The Plague Dogs (Magill's Literary Annual 1979)
The Plague Dogs is Richard Adams’ third novel, and like the acclaimed rabbit epic Watership Down and the mythical bear saga Shardik, this work focuses on the animal world. As in the first two novels, Adams’ storytelling art compels the reader into so strong an empathy with the creatures that the beasts become brothers, and their quest for survival against terrible odds and stronger forces becomes intensely personal while at the same time epic in scope and magnitude. Here, however, Adams’ central characters, Snitter and Rowf, are dogs, so thoroughly domesticated that their instincts have been deadened. For them, therefore, a return to the wild world of nature is perilous, uncomfortable, and ironically unnatural. However, they are not safe and secure in the world of man either. They are always on the run—first from the whitecoats (doctors performing experiments upon animals) and starvation; then from sheepherders and the cold of the Lake District; and finally from paratroopers, the British government, and their own despair.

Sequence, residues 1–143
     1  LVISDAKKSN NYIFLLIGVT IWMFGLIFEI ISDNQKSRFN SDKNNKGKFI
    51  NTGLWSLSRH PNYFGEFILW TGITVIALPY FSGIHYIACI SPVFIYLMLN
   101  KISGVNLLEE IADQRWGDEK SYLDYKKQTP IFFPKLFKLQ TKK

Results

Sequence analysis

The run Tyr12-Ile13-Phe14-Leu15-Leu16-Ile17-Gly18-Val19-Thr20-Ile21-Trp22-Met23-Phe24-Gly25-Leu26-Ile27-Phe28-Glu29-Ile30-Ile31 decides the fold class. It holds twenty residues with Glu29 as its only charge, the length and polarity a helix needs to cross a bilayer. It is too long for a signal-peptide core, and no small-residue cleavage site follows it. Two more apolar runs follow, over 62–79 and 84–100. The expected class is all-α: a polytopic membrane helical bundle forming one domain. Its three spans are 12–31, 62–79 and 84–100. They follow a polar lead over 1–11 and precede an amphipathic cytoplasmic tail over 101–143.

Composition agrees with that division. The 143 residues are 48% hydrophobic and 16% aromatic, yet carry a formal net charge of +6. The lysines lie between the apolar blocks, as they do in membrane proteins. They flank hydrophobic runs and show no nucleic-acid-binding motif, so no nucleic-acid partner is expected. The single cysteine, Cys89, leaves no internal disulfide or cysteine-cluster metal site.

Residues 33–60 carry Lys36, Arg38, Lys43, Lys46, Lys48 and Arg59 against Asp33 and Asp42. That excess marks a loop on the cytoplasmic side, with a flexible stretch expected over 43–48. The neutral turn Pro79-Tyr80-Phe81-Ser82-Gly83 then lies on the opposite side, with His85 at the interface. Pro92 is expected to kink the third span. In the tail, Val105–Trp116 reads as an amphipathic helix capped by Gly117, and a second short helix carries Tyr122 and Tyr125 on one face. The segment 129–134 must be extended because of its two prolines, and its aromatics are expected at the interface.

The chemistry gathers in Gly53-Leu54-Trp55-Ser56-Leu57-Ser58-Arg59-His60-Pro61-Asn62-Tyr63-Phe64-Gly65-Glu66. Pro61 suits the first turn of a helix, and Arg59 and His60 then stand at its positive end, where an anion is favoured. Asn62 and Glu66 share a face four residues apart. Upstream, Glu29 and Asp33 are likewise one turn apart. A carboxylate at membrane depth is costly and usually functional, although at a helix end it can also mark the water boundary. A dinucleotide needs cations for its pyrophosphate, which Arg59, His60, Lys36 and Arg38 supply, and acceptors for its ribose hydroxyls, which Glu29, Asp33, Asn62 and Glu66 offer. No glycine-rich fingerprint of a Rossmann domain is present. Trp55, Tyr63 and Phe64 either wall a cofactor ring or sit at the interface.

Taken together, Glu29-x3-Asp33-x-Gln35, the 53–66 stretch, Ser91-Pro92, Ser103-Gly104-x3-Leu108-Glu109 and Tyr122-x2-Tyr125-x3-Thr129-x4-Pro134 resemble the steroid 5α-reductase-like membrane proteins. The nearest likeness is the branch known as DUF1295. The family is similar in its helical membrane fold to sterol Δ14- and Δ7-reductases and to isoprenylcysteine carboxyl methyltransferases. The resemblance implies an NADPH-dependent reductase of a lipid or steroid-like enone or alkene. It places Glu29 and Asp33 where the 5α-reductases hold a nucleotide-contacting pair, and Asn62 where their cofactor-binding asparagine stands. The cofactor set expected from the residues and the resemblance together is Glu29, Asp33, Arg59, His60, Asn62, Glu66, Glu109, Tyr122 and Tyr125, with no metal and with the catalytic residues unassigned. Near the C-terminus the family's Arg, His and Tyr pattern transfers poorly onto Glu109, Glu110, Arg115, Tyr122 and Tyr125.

Laced throughout the narrative of the month and a half dodge in the wild is a rather heavyhanded satiric attack on man, the cause of the dogs’ decision to flee. Adams attacks government bureaucrats, unscrupulous journalists, and unfeeling scientists—men who have lost sight of their purpose and responsibility. The message is that man has been grossly irresponsible in managing the natural world, and...
(The entire section is 1961 words.)
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Bibliography (Magill's Literary Annual 1979)
Atlantic. CCXLI, April, 1978, p. 126.
Christian Science Monitor. March 21, 1978, p. 30.
New Statesman. XCIV, September 23, 1977, p. 418.
New York Times Book Review. March 12, 1978, p. 10.
Newsweek. XCI, March 13, 1978, p. 86.
Times Literary Supplement. September 30, 1977, p. 1096.
(The entire section is 30 words.)